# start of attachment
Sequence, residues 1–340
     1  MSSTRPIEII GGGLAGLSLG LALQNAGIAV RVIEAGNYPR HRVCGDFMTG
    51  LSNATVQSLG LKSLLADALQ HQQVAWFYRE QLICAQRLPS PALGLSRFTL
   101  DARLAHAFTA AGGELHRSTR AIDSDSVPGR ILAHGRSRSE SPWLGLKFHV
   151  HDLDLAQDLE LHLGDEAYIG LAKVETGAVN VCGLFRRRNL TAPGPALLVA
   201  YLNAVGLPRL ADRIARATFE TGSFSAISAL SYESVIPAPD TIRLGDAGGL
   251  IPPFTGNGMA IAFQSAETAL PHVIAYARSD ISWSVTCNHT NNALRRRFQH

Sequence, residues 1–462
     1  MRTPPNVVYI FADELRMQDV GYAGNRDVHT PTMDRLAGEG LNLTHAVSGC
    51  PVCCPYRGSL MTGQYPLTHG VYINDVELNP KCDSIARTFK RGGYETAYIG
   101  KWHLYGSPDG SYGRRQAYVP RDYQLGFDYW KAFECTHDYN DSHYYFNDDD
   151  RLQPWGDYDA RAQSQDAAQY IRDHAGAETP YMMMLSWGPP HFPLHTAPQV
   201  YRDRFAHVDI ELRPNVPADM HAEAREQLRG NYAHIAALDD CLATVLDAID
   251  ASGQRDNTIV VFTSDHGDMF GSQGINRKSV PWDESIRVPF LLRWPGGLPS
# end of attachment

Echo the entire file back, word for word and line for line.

Sequence, residues 1–340
     1  MSSTRPIEII GGGLAGLSLG LALQNAGIAV RVIEAGNYPR HRVCGDFMTG
    51  LSNATVQSLG LKSLLADALQ HQQVAWFYRE QLICAQRLPS PALGLSRFTL
   101  DARLAHAFTA AGGELHRSTR AIDSDSVPGR ILAHGRSRSE SPWLGLKFHV
   151  HDLDLAQDLE LHLGDEAYIG LAKVETGAVN VCGLFRRRNL TAPGPALLVA
   201  YLNAVGLPRL ADRIARATFE TGSFSAISAL SYESVIPAPD TIRLGDAGGL
   251  IPPFTGNGMA IAFQSAETAL PHVIAYARSD ISWSVTCNHT NNALRRRFQH

Sequence, residues 1–462
     1  MRTPPNVVYI FADELRMQDV GYAGNRDVHT PTMDRLAGEG LNLTHAVSGC
    51  PVCCPYRGSL MTGQYPLTHG VYINDVELNP KCDSIARTFK RGGYETAYIG
   101  KWHLYGSPDG SYGRRQAYVP RDYQLGFDYW KAFECTHDYN DSHYYFNDDD
   151  RLQPWGDYDA RAQSQDAAQY IRDHAGAETP YMMMLSWGPP HFPLHTAPQV
   201  YRDRFAHVDI ELRPNVPADM HAEAREQLRG NYAHIAALDD CLATVLDAID
   251  ASGQRDNTIV VFTSDHGDMF GSQGINRKSV PWDESIRVPF LLRWPGGLPS